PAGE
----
44 votes
Accepted

Using DRAM as a camera sensor?

That sounds a lot like the Cromemco Cyclops. Released in 1975, it used a modified1 MOS 1kbit DRAM2 to capture a 32×32 black and white or greyscale image. The memory cells were initially set to all ...
Alex Hajnal's user avatar
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13 votes

Using DRAM as a camera sensor?

Alex Hajnal's answer pretty well describes what I believe is the first and eventually only commercial available camera that directly used RAM chips, the Cyclops (*1). It started out as a hobby level ...
Raffzahn's user avatar
  • 223k
8 votes

Using DRAM as a camera sensor?

We tried it in the lab, circa 1984. I worked with a hardware team and somewhere they'd read an article, the gist of which was something like: write all 1s to the DRAM ensure you don't have any ...
jonathanjo's user avatar
7 votes

Using DRAM as a camera sensor?

Sorry to come late to this party. One thing to note is that, in order to use the DRAM in the way that the Cromemco Cyclops does, it must be a design with a non-destructive read. The 4008 parts (both ...
William Sudbrink's user avatar
7 votes
Accepted

Why do Early DRAMs (e.g. 4116) have a negative Column Address Set-up Time?

The 4116 was likely designed during in an era (or semiconductor technology node) when self-timed-delay pre-charge-evaluate NMOS logic cascades were common. (e.g. rather than synchronously or edge ...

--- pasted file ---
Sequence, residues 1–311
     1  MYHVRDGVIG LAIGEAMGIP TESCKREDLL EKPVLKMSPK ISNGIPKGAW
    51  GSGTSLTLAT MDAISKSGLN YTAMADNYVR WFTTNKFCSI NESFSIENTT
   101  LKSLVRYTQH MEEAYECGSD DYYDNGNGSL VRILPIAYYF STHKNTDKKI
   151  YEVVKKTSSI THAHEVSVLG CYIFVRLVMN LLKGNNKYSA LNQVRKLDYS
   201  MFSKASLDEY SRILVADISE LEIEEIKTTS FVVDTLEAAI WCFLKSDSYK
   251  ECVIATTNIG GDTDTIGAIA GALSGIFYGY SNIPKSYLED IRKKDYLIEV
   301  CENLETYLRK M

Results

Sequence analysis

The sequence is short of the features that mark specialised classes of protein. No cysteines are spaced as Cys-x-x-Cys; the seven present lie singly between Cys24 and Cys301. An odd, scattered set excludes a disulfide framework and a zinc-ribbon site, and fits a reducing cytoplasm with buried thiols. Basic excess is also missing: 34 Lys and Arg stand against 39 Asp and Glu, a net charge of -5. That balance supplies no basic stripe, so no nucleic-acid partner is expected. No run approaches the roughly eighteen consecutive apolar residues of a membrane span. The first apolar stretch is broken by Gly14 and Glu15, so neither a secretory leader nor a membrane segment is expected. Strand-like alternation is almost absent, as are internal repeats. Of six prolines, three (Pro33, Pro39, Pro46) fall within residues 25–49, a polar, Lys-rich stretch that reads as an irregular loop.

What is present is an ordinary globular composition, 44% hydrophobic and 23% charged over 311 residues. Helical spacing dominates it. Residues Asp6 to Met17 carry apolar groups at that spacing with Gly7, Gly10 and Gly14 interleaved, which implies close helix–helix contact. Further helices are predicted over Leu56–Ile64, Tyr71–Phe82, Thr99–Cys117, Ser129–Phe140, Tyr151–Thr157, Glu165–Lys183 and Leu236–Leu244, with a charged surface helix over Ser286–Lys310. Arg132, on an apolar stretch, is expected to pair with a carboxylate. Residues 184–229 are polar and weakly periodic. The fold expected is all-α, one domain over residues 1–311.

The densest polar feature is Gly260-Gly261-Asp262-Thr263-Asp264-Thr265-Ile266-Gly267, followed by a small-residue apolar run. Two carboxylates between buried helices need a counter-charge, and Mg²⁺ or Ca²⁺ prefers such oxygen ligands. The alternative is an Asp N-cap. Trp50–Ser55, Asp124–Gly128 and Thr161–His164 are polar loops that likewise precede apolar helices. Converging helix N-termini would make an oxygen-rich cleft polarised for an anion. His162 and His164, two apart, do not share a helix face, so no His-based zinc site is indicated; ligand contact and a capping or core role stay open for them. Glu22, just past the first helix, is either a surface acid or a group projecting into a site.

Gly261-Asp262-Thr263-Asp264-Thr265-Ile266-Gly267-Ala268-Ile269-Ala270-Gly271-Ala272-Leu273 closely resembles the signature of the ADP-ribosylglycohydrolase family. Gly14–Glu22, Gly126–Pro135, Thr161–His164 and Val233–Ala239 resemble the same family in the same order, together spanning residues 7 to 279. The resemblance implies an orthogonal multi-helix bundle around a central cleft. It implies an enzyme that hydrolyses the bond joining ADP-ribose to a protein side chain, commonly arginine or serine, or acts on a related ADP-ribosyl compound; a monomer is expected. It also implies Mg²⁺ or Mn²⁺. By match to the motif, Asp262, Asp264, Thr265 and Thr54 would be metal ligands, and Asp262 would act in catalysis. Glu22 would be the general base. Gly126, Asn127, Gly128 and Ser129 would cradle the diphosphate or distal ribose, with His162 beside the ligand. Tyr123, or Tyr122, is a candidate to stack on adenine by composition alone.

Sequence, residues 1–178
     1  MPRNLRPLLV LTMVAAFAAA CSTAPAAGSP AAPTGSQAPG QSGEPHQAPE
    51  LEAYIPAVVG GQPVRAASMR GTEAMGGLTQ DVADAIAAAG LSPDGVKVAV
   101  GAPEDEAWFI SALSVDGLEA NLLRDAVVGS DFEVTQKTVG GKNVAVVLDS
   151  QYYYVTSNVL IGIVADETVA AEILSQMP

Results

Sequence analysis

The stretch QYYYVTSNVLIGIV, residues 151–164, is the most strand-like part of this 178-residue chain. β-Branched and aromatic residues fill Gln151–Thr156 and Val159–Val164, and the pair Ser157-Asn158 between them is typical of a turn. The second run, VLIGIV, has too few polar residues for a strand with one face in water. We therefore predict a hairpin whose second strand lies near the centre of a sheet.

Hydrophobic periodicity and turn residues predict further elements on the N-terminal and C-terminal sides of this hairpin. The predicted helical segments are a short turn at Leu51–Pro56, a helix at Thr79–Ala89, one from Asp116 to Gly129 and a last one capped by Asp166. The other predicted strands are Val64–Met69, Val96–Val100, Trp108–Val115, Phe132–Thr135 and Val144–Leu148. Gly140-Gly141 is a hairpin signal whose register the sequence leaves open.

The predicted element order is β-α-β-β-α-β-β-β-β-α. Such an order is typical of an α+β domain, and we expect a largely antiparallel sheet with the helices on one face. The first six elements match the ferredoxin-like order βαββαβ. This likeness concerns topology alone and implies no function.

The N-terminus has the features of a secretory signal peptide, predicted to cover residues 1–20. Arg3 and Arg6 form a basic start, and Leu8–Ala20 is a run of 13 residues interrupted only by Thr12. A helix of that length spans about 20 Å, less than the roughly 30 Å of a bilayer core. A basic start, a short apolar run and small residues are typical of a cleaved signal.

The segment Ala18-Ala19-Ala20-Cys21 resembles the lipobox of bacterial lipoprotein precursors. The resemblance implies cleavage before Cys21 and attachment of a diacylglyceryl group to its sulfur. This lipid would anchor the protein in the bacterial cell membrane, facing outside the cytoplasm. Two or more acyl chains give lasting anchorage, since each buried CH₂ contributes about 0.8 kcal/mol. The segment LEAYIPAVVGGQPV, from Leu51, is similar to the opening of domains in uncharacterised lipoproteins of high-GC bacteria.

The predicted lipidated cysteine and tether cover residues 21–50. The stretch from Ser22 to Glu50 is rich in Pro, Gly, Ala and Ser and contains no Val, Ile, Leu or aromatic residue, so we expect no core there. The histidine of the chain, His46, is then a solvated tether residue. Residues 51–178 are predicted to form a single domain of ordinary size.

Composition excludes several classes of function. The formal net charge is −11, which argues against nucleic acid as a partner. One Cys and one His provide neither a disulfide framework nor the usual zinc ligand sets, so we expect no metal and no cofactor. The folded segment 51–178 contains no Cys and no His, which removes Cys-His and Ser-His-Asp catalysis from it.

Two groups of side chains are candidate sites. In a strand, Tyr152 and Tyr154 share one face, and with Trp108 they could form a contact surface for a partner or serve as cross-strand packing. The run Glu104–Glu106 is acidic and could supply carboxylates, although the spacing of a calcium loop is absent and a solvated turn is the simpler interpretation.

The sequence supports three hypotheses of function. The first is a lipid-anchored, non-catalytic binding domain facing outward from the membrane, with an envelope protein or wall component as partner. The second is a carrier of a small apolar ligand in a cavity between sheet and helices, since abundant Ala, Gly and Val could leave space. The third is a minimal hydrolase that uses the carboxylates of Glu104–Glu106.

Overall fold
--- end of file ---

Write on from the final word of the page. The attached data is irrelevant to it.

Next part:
hotpaw2's user avatar
  • 8,183
3 votes

Using DRAM as a camera sensor?

Back around 1982, 1983 a friend of mine built a simple scanner using a 16k de-capped dram, probably a 4116. This was used on a Nascom 2 computer with a Nascom IMP dot matrix printer. The dram, along ...
Tim Ring's user avatar
  • 406
2 votes

Using DRAM as a camera sensor?

As others have pointed out, the Cromemco Cyclops turned this into a (hobbyist) product. I've also found I could get reproducible transient bit flips in an unprogrammed EPROM. Shine a laser pointer ...
jeffB's user avatar
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2 votes

Why do Early DRAMs (e.g. 4116) have a negative Column Address Set-up Time?

I will venture a guess. Imagine /CAS and the address bus are both registered outputs clocked by the same clock. The negative setup time allows a slight clock-to-output propagation delay discrepancy ...
Zane Kaminski's user avatar
1 vote

Why do Early DRAMs (e.g. 4116) have a negative Column Address Set-up Time?

(Preface: leaving out the title column makes reading tables it a bit hard) It's all about translating labels and numbers into meaningful sentences. And there are different ways to tell a fact, and ...
Raffzahn's user avatar
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